The official arrival of Tweens comes with a lot of fanfare, namely the endorsement of Kim Deal (Breeders/Pixies). But, can a young band live up to those lofty expectations? Can they fill your ears with tunes that are as undeniably memorable as “Cannonball?” On their self-titled effort, there’s room for improvement, but overall, you get the feeling that the young three-piece are on to something.
When Tweens kick things off, you can tell that they’re intent upon bringing raucous noise with just a little bit of brattiness to the table. Bridget Battle immediately takes center stage on “Bored With This City,” belting out vocals, with the occasional hiccup to add a wee bit of sugar to the track. And, while that song pushes forth rather quickly, “McMicken,” the following tune, is just as fast, although there’s that effortless layer of cool layered in, making the tune worthy of repeated listens.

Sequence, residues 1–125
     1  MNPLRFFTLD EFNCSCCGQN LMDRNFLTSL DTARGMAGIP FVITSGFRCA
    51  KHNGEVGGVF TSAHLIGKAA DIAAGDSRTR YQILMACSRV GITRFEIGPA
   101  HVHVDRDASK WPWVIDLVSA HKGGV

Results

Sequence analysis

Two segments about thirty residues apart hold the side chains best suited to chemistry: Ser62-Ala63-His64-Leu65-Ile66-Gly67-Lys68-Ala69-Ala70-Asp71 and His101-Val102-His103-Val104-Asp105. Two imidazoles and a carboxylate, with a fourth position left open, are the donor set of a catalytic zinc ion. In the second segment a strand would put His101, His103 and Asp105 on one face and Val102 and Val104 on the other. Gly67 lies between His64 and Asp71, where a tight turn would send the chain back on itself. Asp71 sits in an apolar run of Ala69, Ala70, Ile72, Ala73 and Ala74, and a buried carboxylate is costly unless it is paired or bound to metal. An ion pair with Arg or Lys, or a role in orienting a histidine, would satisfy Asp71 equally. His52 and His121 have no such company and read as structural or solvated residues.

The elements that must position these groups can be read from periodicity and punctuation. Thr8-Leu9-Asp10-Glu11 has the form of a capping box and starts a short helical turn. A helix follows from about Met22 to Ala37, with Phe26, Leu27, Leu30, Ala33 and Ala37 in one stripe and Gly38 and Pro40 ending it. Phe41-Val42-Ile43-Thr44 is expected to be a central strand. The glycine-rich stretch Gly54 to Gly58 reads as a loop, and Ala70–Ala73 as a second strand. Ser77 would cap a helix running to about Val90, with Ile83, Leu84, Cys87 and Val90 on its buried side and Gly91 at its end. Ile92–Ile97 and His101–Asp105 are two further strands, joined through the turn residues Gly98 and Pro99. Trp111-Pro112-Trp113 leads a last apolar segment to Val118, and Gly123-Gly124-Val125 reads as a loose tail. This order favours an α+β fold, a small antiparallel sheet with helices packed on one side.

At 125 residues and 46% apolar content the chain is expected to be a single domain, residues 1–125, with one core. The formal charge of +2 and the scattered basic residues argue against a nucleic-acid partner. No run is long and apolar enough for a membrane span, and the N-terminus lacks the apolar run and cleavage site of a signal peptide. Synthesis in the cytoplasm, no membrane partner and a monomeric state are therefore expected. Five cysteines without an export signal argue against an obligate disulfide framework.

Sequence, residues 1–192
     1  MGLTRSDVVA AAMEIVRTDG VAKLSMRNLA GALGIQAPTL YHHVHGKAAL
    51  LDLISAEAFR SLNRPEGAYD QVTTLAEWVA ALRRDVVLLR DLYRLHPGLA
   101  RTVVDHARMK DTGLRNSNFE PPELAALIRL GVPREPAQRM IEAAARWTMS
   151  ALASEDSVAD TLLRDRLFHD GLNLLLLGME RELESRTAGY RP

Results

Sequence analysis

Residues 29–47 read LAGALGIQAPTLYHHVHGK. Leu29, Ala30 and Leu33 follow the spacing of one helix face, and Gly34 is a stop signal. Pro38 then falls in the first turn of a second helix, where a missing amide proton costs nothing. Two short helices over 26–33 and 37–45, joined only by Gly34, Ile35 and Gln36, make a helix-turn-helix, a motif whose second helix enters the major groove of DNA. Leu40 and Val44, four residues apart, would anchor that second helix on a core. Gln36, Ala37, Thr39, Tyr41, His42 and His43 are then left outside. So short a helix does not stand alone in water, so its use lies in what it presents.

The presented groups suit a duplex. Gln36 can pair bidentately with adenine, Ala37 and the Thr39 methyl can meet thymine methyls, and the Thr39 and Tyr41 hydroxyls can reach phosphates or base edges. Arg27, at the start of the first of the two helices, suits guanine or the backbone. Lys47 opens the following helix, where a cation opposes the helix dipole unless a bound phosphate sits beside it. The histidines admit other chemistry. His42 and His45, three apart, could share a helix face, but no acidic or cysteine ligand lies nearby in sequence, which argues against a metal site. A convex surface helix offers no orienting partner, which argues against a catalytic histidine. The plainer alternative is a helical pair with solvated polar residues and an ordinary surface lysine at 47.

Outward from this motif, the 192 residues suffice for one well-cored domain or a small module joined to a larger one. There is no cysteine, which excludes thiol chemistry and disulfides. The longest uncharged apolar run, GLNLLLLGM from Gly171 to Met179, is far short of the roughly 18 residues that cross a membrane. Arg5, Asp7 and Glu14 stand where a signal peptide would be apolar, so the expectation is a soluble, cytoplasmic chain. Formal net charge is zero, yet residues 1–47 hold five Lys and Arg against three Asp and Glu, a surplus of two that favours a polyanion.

Still, with the opening tunes on Tweens winning you over, there has to be a breather, which is why the vocal display from Battle on the next track “Be Mean” offers up a slightly different look into the band’s sound. She discards that bratty sexpot attitude, taking on a stronger role as a powerful front woman. This is the first track where I really felt like her vocals stood out from the meat of the song. It’s an approach I personally feel she should take more often, as it makes that song successful, much like it does with”Don’t WaitUp” and “Forever.” The latter tune is possibly the standout song on the record. Musically, the band seems to have calmed down a bit, allowing for BB to win over fans with her ability to control her pipes at various pitches. I suppose this song appeals to me because it offers that different glimpse inside of the band, as other songs seem to bleed into each other too often.
After spending several days with the album, I can definitely see where the excitement comes from. The songs are filled with hooks, and it’s hard to deny Bridget’s dynamism as a front woman. That being said, there are a few songs that trip over each other, and only the smart choice of slipping in some slower tunes saves the record from being a one-note venture. They salvage that, however, with the inclusion of things like “Stoner” and “Forever,” making it clear that their future might hold more than meets the eye. Tweens are rising stars in the music community, but only time will tell just how far that star can go.